If you lack context, this will seem like a bizarre story.
This story in The National describes an alleged murder in Dubai that stemmed from the victim being accused of having smelly feet.
The word “disproportionate” springs to mind. If smelly feet were a capital crime, most adult males would risk assassination on a regular basis.
But the episode in Dubai makes a bit more sense to me after having spent more than six years living in the United Arab Emirates.
–The men at the center of the episode seem to fit the generic UAE descriptor — “laborers” — for expatriate men who are living and working in the country, often in low-skill jobs. Both the victim and the accused are from Pakistan, we are told, and the alleged killer is 22 years old.
–Laborers usually make far more money in the UAE than they would in their home countries. That is why they put up with a difficult life away from family and friends.
They work at least eight hours a day — and sometimes more — often in demanding and dangerous conditions pertaining to infrastructure and hotel construction.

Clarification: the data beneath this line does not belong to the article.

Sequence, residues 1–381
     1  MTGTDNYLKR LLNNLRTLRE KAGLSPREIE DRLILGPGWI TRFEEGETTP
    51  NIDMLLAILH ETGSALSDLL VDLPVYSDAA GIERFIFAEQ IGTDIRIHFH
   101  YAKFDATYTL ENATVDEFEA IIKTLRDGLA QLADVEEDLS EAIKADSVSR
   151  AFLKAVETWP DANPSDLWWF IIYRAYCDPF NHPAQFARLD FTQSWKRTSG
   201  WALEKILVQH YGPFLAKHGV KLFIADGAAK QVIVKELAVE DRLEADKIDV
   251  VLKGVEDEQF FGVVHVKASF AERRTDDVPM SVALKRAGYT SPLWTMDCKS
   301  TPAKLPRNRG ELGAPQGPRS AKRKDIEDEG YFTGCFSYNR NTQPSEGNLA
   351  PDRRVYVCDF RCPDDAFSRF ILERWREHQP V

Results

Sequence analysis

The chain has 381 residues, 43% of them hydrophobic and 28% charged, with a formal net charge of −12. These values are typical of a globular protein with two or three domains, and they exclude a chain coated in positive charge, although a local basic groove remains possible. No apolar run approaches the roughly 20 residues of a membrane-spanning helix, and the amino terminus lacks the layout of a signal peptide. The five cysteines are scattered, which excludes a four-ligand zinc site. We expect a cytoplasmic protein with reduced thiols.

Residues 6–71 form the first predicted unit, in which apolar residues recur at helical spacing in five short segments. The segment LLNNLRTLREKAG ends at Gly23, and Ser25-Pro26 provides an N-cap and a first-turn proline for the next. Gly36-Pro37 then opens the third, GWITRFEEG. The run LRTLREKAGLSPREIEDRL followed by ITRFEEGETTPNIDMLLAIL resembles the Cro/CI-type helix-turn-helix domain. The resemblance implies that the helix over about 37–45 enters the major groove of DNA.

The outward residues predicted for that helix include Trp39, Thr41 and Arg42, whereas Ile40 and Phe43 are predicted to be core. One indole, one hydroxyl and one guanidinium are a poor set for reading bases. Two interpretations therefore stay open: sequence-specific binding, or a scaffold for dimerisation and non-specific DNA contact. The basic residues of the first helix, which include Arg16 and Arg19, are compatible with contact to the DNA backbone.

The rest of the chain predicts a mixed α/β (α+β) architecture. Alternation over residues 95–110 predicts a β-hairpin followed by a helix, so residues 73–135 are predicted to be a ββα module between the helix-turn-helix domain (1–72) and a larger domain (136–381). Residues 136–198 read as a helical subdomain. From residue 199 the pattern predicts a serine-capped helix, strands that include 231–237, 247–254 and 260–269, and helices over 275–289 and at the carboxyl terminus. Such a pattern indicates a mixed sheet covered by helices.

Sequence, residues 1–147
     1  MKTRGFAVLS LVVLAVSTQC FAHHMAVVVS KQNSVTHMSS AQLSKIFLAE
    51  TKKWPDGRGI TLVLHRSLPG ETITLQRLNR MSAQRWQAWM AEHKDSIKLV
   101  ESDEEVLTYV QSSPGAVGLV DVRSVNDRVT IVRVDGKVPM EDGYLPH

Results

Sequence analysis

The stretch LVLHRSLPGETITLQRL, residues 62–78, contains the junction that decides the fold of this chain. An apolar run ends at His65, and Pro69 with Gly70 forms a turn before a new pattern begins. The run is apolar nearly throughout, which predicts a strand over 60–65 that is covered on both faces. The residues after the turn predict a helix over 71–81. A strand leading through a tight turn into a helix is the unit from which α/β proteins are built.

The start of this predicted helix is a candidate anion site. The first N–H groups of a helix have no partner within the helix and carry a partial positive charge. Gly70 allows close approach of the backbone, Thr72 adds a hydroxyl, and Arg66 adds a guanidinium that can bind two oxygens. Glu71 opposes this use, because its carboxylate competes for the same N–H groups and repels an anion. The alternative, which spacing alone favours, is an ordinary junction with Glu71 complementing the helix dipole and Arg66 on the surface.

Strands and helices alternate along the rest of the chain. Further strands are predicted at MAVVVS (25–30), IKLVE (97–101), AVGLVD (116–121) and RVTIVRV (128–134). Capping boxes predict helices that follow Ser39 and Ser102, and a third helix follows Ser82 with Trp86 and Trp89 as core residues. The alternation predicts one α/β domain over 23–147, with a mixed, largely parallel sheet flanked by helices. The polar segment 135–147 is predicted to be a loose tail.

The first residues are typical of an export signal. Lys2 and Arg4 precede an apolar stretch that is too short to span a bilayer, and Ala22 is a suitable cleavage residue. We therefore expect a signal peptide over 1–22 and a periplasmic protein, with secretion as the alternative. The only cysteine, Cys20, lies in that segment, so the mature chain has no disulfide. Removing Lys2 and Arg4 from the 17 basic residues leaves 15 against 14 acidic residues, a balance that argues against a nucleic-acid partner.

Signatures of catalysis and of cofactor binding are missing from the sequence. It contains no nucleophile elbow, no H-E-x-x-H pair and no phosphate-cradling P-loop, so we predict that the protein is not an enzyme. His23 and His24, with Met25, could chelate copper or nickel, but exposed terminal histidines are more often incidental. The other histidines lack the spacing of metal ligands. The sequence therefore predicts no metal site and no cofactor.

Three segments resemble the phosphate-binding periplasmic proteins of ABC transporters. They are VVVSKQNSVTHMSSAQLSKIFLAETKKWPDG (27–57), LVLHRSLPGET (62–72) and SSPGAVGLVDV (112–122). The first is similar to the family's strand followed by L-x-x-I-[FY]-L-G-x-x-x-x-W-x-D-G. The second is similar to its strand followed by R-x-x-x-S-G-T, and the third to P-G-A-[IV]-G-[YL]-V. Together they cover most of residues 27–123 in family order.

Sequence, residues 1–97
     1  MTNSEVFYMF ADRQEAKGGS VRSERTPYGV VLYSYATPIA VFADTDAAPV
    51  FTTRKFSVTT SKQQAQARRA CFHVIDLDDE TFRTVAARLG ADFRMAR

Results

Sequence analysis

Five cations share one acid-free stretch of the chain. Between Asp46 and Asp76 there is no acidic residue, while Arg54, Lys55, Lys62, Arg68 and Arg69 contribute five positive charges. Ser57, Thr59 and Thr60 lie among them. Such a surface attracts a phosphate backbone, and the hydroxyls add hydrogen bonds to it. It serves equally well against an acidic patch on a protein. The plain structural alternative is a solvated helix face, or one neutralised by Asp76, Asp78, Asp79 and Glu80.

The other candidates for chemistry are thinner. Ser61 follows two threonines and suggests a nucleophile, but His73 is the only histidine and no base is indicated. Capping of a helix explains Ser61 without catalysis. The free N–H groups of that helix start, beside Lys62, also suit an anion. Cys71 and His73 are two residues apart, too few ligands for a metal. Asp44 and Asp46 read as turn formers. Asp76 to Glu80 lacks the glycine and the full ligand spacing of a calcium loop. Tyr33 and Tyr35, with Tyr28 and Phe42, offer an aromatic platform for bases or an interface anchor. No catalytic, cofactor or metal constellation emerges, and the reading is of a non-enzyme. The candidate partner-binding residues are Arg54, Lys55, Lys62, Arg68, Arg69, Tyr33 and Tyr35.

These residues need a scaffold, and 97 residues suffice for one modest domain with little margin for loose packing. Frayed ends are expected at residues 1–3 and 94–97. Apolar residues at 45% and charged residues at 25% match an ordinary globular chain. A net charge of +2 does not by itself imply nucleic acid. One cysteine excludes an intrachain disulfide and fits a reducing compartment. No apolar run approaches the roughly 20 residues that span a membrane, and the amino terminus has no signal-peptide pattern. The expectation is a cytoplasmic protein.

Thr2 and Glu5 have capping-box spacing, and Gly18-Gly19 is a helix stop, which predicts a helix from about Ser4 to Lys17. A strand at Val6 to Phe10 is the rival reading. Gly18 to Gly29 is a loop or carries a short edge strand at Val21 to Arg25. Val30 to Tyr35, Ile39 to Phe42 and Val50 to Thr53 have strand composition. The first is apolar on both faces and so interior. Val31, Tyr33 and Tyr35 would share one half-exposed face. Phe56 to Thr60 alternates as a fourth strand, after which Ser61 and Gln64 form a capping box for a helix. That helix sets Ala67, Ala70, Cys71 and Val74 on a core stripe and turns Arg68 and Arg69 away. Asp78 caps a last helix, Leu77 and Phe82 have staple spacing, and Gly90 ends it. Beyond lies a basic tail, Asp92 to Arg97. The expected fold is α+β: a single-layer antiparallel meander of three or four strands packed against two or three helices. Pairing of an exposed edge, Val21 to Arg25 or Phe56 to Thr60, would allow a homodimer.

–In this case, we are told they were taking a summer midday break, which is mandated by law. The period from 12:30 to 3 p.m.
–Crucially, we see that the date of the argument and the subsequent death of one man happened on July 26 of last year. July is one of the hottest months in a very hot country, with average highs of 106 degrees Fahrenheit, and to look only at the time of publication (March 8) leaves the reader without a sense of the extreme physical demands of being outside during dangerously hot weather. The heat can put a person on edge.
–The description of the area — cramped — where the men went to rest during the 12:30-3 p.m. break gives an idea of close quarters among young men who have very little personal privacy at any time. They usually share a room with several other laborers, travel on crowded buses and work six days a week. It is a hard life.
–That someone’s feet might smell badly after working all morning in July heat, and that someone else would find that offensive … well, you can see how things could go badly wrong. Leading to an escalation in anger and insults (the accused says his family was insulted) and, allegedly, a fatal slash with a bladed weapon.
Looking back, perhaps the biggest takeaway from this story is how rarely extreme acts of violence occur, among expat laborers.
Given the crowding and the heat and minimal free time … perhaps those in the UAE should expect more incidents like this one, not fewer.
The trial continues on March 29.
The expected high in Dubai today is 92 degrees. And this is one of the cool months.